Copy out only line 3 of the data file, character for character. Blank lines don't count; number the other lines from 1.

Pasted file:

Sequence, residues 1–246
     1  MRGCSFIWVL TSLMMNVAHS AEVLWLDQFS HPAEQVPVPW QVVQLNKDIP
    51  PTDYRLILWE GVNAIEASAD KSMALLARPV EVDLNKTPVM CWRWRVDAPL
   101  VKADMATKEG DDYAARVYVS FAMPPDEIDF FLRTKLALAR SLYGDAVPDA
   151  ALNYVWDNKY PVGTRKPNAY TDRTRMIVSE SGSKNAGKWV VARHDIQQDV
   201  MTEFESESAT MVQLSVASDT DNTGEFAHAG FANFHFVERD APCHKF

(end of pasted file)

    51  PTDYRLILWE GVNAIEASAD KSMALLARPV EVDLNKTPVM CWRWRVDAPL